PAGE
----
Get fit for summer: The abbreviated form
Paul Morris surfs the highest waves of the net to find out how to shed that little bit of extra winter weight and discovers that his fate hangs in the balance.
Spring has sprung, the grass is riz and I know where all the burdies iz: outside my window, every morning, from five o'clock onwards. I am as big a fan as the next man or woman of the trill of early morning birdsong but this particular character sings like a drain, or like a casserole as they are fond of saying in French. The sound is well shy of mellifluous - it's like the creaking of an old bicycle that needs oiled. I keep thinking of the Whomping Willow, the large, magical, and violent tree in Harry Potter and the Prisoner of Azkaban, which eats the twittering bluebird that flies towards its branches. I understand the Willow's thinking: if it allows the bird to rest in the sanctuary of its limbs, it's only going to start singing.
This incessant racket led me inevitably to thoughts of shedding the (necessary) additional weight built up over the winter months to help battle the vicious Belgian winter. Time to rethink the diet, exercise more, but where to start? Online, of course, to drink from the Font of All Knowledge. However, it's a bit like listening to your Granny; she changes her mind, well, as often as the seasons, at least the way the seasons used to change. The online experts said that running was 'in', then walking was the thing, then it was swimming that'll do you most good, then yoga, yoghurt and yachting. Or surfing, which landed me in the capable hands of the BBC. On their health pages, you will discover all manner of useful tips and, in particular, how to calculate your BMI.
Our lives are becoming littered with abbreviations. GSM in pocket, you listen to your mp3 as you get into your BMW and use your GPS to guide you to your job in IBM, only to find out that, despite your PhD and your MBE, you don't know what BMI stands for. It's a Body Mass Index. Using two vital pieces of information - your current weight and your height - it will calculate your BMI which will in turn tell you if you are Overweight, Ideal or Underweight. It states:
Divide the weight by the height squared (i.e. the answer to Q1). For example, you might be 1.6m (5ft 3in) tall and weigh 65kg (10st). The calculation would then be:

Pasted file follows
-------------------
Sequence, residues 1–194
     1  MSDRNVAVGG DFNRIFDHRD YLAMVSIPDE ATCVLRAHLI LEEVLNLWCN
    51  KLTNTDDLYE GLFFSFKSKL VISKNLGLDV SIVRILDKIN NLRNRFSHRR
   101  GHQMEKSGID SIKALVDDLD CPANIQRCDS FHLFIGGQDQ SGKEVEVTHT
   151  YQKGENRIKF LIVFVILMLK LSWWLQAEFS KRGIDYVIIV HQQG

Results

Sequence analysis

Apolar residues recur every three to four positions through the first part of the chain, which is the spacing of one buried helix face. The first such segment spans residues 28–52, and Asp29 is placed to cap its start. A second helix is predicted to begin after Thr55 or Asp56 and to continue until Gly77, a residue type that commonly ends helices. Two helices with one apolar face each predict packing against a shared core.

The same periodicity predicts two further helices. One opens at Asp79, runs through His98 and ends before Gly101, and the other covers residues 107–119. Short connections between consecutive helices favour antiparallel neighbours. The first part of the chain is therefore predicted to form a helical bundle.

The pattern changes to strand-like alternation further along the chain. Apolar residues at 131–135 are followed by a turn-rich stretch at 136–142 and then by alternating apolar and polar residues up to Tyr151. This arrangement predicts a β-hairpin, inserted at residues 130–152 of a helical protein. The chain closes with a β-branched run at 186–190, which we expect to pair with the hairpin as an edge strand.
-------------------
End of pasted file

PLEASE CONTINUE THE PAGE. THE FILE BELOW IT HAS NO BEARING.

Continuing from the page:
1.6 x 1.6 = 2.56. BMI would be 65 divided by 2.56 = 25.39
Fortunately, if, like my good self, Maths is not your forte there is an imperial calculator to do it for you. Simply type in your weight and height and await the result. The result comes back and, disbelieving, you type it again just in case there is some kind of glitch in the thing. And try a third time to make sure, again. Having discovered that you are slightly overweight, for instance, the site is jam-packed with useful information on how to lose the offending weight. This includes avoiding quick-fix diets, getting plenty of exercise, nourishing your body and your mind. It also encourages us to think small, try losing a little each week, swap a chocolate bar for a banana, take two brisk 15 minute walks to lose 540 calories. And so much more that I had lost at least that much just reading it all and had built up a powerful hunger.
I came back to the advice "nourish your body and your mind". Clearly, despite the early hour, my mind was still sharp enough. I lost about 5 kilos in three minutes without leaving the house. It's easy. Go back to the BMI calculator and make yourself taller. By adding a few inches, you don't gain much at first but keep adding and you will see your weight fall like a sack of the frites you have been told to eat less of. In jiff time, my weight was ideal. Okay, so I am now - returning for a moment to Harry Potter - the same height as Rubeus Hagrid the giant but I am also in the much sought after Ideal category and that's where I intend to stay, not by losing weight but by simply gaining more height.
Now I am left wondering. Do those noisy birds in the branches regale one another with chants of 'Who Ate All The Flies?'
Paul Morris / Expatica
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